Minimize Conflict over Homework
Revised January 2015 by Silvia Alvarez de Davila, Extension Educator — Family Resiliency.
Homework is a powerful tool that can contributes to the advancement of your child’s education. But homework can also create tension at home. Children need structure and routine. At home and at school, children do their best and feel responsible for their own behavior when structure is implemented.
Why Tension Rises
Sometimes when you get involved in your child’s education, tension rises. You want the best for your child’s future, and your child may experience that desire as pressure to succeed. Homework is a challenging factor influenced by students’ learning styles, preferences, and motivation. These are some of the reasons why parents and caregivers need to accommodate individual needs and preferences with the desired outcome: success at school.
To reduce the homework tension, help children to schedule their time, set aside a place, and find their personal homework style. Remember: your child needs guidance and support, as well as leadership, to feel more competent and in control.
How to Create Structure
One way to help your child’s learning is by structuring your child’s environment to support the learning process that starts at school and continues at home. Structure is implemented when students have clear and consistent rules and know what is expected of them.
Here are some tips for parents and caregivers to help children make the most of their study time.
- Set a regular time. Finding a regular time helps children finish assignments. The best schedule is one that works for your child and your family. What works well in one household may not work well in another. The biggest challenge might be sitting down and getting started. Work with your elementary child to develop a schedule. An older child can probably make up a schedule independently, although you’ll want to make sure it is workable. It may help to write out the schedule and post it in a place where it’s easy to see.
- Set aside a place. Kids study better if they have a certain place where they can work. It doesn’t have to be exclusively set aside for studying — it can be the kitchen table or the child’s room — but it should be the same place every night. Pick a place that has lots of light, supplies close by, and is fairly quiet. Be open to discussing your child’s preferences, but remember that they need guidance.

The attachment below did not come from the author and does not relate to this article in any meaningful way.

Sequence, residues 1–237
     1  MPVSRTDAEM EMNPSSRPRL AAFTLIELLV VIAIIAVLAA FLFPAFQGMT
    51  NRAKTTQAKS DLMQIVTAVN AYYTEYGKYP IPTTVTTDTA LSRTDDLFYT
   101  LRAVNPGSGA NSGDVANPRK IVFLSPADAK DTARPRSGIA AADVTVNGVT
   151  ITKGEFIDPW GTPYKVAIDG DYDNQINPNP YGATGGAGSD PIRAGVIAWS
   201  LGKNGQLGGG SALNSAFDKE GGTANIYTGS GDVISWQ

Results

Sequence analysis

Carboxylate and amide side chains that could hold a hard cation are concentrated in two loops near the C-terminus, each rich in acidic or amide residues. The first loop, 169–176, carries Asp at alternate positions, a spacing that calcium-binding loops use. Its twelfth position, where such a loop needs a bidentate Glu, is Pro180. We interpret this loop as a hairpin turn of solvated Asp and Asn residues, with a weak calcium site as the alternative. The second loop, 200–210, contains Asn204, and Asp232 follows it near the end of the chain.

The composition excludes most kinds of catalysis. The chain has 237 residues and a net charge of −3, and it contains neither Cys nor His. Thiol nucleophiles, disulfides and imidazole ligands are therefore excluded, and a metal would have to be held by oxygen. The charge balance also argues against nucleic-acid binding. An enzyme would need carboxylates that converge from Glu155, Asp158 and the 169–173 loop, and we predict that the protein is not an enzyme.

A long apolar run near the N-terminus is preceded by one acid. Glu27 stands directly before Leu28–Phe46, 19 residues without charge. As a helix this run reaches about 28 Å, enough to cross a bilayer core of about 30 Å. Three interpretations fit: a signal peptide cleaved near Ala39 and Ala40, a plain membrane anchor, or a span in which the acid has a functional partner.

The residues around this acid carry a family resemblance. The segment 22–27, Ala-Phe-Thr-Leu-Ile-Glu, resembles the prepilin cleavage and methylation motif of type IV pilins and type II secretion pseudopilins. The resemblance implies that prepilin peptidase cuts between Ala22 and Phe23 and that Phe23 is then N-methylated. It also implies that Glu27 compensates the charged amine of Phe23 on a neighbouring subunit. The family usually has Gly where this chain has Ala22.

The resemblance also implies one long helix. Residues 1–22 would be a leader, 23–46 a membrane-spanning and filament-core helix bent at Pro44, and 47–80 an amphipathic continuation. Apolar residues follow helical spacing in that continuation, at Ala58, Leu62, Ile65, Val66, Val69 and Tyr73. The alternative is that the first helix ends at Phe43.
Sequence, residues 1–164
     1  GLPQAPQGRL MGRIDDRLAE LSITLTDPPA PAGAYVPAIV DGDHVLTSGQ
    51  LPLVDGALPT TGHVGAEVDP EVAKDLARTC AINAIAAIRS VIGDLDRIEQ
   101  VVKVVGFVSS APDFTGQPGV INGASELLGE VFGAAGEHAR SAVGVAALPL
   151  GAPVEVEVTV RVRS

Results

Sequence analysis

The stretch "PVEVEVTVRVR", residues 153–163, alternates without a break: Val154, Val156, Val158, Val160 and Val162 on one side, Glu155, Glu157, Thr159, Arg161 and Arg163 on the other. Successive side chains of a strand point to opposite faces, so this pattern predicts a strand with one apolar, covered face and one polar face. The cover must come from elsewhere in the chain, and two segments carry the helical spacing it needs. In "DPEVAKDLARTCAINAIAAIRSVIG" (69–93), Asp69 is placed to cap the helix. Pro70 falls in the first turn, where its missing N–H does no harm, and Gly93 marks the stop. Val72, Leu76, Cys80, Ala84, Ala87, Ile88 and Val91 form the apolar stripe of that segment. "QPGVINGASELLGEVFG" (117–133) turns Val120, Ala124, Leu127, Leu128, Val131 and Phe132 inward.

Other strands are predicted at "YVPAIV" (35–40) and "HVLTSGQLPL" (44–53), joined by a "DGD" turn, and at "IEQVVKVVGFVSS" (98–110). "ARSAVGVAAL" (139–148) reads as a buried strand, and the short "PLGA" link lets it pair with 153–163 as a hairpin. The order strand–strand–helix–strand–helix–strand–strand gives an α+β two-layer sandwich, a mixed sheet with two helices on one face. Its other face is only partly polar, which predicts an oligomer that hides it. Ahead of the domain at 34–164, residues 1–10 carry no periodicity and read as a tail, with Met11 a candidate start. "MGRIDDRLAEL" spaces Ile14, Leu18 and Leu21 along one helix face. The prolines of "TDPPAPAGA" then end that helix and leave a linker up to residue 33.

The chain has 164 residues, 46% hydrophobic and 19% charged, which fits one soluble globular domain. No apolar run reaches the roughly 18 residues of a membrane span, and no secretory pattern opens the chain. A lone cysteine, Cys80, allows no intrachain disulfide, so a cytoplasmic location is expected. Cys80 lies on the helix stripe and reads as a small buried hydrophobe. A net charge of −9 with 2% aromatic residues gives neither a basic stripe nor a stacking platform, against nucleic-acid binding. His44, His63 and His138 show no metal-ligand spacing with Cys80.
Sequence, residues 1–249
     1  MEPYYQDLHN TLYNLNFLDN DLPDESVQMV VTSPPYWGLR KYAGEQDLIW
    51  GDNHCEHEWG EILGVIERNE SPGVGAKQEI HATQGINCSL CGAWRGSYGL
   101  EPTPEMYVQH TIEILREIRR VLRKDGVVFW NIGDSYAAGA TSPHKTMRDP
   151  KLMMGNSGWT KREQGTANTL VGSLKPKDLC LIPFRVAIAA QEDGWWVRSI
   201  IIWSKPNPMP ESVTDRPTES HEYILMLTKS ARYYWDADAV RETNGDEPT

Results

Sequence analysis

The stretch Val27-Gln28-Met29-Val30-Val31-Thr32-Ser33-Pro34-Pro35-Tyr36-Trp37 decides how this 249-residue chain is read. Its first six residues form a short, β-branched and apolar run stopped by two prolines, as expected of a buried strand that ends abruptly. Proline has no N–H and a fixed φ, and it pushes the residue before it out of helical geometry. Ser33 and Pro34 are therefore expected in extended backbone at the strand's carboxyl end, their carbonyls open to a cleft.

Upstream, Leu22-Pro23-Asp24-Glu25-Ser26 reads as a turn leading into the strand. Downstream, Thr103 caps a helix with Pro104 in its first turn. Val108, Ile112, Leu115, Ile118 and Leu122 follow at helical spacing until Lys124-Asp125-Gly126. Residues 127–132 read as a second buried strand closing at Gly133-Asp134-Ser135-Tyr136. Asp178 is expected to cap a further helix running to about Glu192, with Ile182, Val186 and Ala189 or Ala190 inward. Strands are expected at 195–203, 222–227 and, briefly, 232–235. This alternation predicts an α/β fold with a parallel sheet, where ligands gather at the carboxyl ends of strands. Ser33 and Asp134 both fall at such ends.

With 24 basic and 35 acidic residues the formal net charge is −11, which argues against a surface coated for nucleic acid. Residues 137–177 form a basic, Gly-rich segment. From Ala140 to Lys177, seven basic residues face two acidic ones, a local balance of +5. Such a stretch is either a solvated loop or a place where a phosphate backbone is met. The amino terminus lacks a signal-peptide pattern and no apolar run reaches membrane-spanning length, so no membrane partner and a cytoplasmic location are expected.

- Provide adequate supplies and keep them where they are easily found. Nothing wastes time like a search for a pencil or paper. Ask your children to write down what they need. Collect pencils, pens, and office supplies such writing paper, stapler, and assignment book and keep them together in one place. If you can’t provide your child with needed supplies, it’s ok to check with the teacher or school social worker.
- Find alternatives to a personal computer. If you don’t have a computer available in order for your child to complete a homework assignment, check with the teacher. Many schools have computers and printers in the classroom, and some schools have after school programs where your child can use the computers. Many public libraries and community centers make computers available.
- Eliminate distractions. Some homes are just naturally noisy. To the extent you can, create a quiet space. Turn off the television and discourage phone calls or visits during study time. If you live in a smaller noisy household, try having all family members participate in a quiet activity during homework time. Remember there are individual preferences as well; discuss with your child if background noise like quiet music would help to complete homework in a pleasant and efficient manner.
- Help your child to find their own working style. Some people like to tackle one project at a time. Other people like to go back and forth between projects. Some like to take notes and draft graphs while others prefer to write plain and simple.
- Try to promote the use of organizational tools. Ask them to write down their to-do lists, to use an online calendars or school agenda, or even a small dry erase board. This will help them focus. It will also give them a sense of accomplishment when they cross something off a list.
Remember, the goal is to provide quality parental support and structure, reduce tension, and complete homework.
Hong, E., & Milgram, R. M. (2004). Homework: Motivation and learning preference. Greenwood Publishing Group.
Katz, I., Kaplan, A., & Buzukashvily, T. (2011). The role of parents' motivation in students' autonomous motivation for doing homework. Learning and Individual Differences, 21(4), 376-386.
Solomon, Y.,Warin, J., & Lewis, C. (2002). Helping with homework? Homework as a site of tension for parents and teenagers. British educational research journal, 28(4), 603-622.
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